It probably didn't seem like a lucky break at the time, but Marc Kushner and Matthias Hollwich had the good fortune to start their architecture firm, HWKN, in 2007, at the exact moment the economy was imploding. Eager to keep busy, they sought refuge on the internet and put together a website aimed at struggling young architects like themselves, with posts about jobs and design projects.
The site, Architizer, is now a must-read for professionals - a Facebook for architects - as well as a valuable media brand that has spun off several side businesses. As the construction industry revived, Hollwich and Kushner realized they could incorporate what they'd learned as internet entrepreneurs into their architecture.
Their savvy understanding of the intersection between design, branding, media, and social networking is now on full display at the Pennovation Center, the science-centric incubator space at Penn's new research campus on the Schuylkill riverfront. The building started out as a standard-issue, concrete-frame factory, the kind you see in varying states of decay across Philadelphia's old industrial zones. But with a few deft moves, HWKN and its collaborators have given it a unique, high-profile identity, easily visible from I-76 and Penn's medical campus, as well as the popular Schuylkill River Trail.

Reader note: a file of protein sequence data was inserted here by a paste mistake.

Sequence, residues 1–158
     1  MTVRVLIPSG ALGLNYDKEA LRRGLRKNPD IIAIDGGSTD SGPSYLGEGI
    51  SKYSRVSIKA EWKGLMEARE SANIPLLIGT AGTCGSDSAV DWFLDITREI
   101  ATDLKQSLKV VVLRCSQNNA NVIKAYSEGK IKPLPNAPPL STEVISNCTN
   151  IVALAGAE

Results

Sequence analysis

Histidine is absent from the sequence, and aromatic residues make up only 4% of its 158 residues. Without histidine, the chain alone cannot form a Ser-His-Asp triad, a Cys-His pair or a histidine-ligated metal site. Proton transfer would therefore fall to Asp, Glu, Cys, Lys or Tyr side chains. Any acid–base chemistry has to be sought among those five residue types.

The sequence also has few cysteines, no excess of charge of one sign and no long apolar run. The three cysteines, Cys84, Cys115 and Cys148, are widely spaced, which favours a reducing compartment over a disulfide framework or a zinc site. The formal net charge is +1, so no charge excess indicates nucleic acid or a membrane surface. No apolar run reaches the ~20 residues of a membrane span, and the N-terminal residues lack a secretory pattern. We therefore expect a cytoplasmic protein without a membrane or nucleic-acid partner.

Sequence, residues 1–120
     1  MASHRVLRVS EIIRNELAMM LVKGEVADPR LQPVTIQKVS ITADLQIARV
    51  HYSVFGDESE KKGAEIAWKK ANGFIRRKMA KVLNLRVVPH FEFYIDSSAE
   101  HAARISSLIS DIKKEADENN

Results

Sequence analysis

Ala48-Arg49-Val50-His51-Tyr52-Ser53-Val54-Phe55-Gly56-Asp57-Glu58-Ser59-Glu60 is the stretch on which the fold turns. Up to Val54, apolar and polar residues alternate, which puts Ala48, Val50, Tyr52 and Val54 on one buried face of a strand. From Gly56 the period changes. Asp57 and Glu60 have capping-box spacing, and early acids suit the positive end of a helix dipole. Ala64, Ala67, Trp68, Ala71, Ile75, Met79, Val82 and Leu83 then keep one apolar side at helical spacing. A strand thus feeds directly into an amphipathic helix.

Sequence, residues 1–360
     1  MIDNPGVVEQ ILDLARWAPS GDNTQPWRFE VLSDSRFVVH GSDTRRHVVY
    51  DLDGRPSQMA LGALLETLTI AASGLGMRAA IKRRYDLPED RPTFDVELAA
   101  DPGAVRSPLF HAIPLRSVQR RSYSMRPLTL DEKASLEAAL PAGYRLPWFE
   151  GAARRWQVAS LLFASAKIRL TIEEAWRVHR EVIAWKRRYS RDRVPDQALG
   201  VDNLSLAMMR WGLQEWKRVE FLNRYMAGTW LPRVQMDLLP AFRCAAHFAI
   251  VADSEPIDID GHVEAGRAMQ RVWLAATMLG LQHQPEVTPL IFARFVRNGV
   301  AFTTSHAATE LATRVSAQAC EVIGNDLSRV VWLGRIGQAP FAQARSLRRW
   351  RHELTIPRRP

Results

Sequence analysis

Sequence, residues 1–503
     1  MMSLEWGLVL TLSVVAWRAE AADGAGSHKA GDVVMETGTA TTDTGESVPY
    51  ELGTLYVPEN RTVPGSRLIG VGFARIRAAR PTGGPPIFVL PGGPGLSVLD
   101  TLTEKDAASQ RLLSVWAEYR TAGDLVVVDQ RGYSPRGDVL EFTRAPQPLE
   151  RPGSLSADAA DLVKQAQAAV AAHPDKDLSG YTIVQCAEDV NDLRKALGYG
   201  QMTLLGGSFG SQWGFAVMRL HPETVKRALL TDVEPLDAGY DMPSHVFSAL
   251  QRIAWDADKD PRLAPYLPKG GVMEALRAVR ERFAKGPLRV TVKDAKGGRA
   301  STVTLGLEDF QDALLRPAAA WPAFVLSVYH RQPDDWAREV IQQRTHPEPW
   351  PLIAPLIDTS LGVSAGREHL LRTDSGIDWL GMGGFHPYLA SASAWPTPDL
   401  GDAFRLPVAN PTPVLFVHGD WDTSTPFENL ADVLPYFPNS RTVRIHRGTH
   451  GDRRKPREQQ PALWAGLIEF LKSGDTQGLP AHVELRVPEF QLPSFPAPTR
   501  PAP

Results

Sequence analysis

Factory-chic has been popular in America for years, so it's not unusual to see manufacturing buildings repurposed as offices or apartments. In fact, loft spaces have become so mainstream that developers often pile on the corporate comforts, obscuring the rough beauty that made them such evocative spaces in the first place.
Like those developers, the designers employ a heavy hand at Pennovation. But they do it in such a fresh way that their shiny new version of the loft office manages to come off as authentic, simultaneously smooth and rough. Retaining the building's imperfections was important because Pennovation is meant to be a playspace for innovators, a place where start-ups can make a mess. Vijay Kumar, dean of Penn's engineering school, who has a lab there, likes to call it "a robot-friendly environment" because his team tests their drones by flying them through the building. (He also says, "Never turn your back on a robot.")
HWKN's design starts by attacking the factory's most defining feature, its regimental grid. As visitors arrive at the Pennovation campus (formerly a DuPont plant) on Grays Ferry Avenue, the first thing they're likely to notice is the three-story isosceles triangle inserted into the facade. It marks Pennovation's entrance with economical clarity.
The triangular entrance is hardly the biggest strike against the building's regimentation. That comes at the far end of the structure, where Hollwich and Kushner have literally cracked open the facade and replaced it with a faceted glass outcrop.
Poking west toward the main Penn campus like a nose cone, it turns the factory into a rocket ship, a not-so-subtle metaphor for innovation and exploration. Kushner, who hails from a New Jersey real estate family (and who is a first cousin of Jared Kushner's, Ivanka Trump's husband), is a big proponent of incorporating such crowd-pleasing imagery into architecture.